Alibaba Shakes Off Counterfeit Label Smoothing Path to U.S. IPO
Eighteen months ago, Alibaba Group Holding Ltd. was under U.S. scrutiny because counterfeiters were selling goods on its website. Now it’s heading for what may be the nation’s biggest initial public offering since 2008.
Alibaba’s Taobao Marketplace, which links individual buyers and sellers, cracked down on 87 million listings that may have breached intellectual-property rules on cigarettes, clothing and medicine as it tried to address concerns by the Office of the U.S. Trade Representative. It also teamed with brand owners and law enforcement officials to target peddlers offering knockoff items for sale.
The strategy to repair its reputation worked. Alibaba was removed from the American government’s Notorious Markets list in 2012, helping pave the way for a U.S. IPO that could value the company at as much as $200 billion. Keeping control over the sale of fakes and pirated goods will be crucial to maintaining credibility with investors, said Duncan Clark, the chairman of BDA China Ltd., which advises technology companies.
“With Taobao early on, there were quite a lot of fake goods sold, but they have been working hard to clean up those issues,” Clark said. “As Alibaba goes public it will have to meet a higher bar.”
To help get off the U.S. list, Alibaba hired James Mendenhall, a former general counsel for the USTR under President George W. Bush, to aid lobbying in Washington and help in talks with the music and movie industries, Alibaba said then.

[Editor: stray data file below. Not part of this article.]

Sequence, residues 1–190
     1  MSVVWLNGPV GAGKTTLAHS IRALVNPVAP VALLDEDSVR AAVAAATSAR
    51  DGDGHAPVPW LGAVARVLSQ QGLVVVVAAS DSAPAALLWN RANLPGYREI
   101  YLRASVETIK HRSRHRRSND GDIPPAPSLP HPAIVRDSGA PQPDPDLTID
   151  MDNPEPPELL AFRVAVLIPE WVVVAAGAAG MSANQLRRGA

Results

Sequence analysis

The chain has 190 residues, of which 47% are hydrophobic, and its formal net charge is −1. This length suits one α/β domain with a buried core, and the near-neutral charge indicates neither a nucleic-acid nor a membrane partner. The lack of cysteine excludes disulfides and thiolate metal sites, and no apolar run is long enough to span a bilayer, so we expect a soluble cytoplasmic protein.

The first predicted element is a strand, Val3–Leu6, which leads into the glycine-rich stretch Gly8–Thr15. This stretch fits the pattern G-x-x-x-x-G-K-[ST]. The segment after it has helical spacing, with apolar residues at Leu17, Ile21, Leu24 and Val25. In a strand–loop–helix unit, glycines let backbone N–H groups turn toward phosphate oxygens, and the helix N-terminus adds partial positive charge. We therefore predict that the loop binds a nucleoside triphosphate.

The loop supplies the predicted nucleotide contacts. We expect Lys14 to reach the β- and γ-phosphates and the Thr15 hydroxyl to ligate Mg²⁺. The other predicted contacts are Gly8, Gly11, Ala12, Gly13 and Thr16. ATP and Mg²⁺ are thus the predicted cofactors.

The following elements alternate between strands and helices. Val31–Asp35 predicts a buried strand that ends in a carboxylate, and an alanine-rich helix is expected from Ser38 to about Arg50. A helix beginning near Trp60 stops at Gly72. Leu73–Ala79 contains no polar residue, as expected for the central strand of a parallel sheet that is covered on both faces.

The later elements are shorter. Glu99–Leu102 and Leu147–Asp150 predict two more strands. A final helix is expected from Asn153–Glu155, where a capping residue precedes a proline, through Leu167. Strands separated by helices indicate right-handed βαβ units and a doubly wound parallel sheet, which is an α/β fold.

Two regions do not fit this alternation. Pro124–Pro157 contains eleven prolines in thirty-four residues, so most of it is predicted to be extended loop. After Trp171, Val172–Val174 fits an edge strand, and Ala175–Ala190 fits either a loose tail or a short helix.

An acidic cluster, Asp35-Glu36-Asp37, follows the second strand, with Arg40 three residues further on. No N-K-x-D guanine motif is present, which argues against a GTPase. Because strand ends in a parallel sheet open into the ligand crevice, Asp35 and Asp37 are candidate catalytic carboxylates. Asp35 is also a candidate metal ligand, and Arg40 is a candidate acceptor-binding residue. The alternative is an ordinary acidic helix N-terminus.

Billionaire founder Jack Ma spearheaded the effort to expel copycats, labeling organized counterfeiting a “cancer” and “tumor in society.” Alibaba Group is highly committed to the protection of intellectual-property rights, the company said in an e-mailed statement.
Alibaba said March 16 it will start the process for an IPO in the U.S., without specifying how many shares it would sell or at what price.
China’s biggest e-commerce company may sell about a 12 percent stake in itself, according to a person with knowledge of the matter, making it an $18.4 billion offering based on the $153 billion average valuation of analysts, according to data compiled by Bloomberg.
That would surpass General Motors Co.’s 2010 sale to rank behind Visa Inc. as the second-biggest U.S. IPO ever, according to the data. Facebook Inc. raised $16 billion in May 2012.
Alibaba’s struggle to fight copyright infringement is part of a larger problem China faces. The country is host to a number of markets known for “prominent and extensive availability of counterfeit merchandise,” the USTR said in a February report. It cited Beijing’s Silk Market and Guangdong’s Zengcheng International Jeans Market, where vendors set up stalls, as examples.
Alibaba’s most popular platforms are Taobao and Tmall.com, which connects consumers to retail brands. Alibaba doesn’t sell merchandise itself and makes most of its sales from commissions and advertising.
The safeguards in place include requiring vendors to make deposits with Alibaba to ensure their products are genuine, allowing buyers and sellers to rate each other and helping consumers get refunds.
This helped make Tmall more trusted than some actual retail outlets, said Mark Tanner, the founder of China Skinny, a Shanghai-based research and marketing agency.